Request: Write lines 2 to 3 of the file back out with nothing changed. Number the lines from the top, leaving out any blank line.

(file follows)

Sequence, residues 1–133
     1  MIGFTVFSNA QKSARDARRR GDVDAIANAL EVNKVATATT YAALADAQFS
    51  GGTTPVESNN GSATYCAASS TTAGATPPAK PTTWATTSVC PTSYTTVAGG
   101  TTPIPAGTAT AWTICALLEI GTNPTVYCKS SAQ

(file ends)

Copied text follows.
     1  MIGFTVFSNA QKSARDARRR GDVDAIANAL EVNKVATATT YAALADAQFS
    51  GGTTPVESNN GSATYCAASS TTAGATPPAK PTTWATTSVC PTSYTTVAGG